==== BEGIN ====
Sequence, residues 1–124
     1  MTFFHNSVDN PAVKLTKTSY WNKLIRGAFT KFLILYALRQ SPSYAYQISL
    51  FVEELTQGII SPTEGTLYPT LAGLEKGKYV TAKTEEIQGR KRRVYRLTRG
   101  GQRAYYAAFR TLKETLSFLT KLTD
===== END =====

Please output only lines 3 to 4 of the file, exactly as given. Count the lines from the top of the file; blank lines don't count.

    51  FVEELTQGII SPTEGTLYPT LAGLEKGKYV TAKTEEIQGR KRRVYRLTRG
   101  GQRAYYAAFR TLKETLSFLT KLTD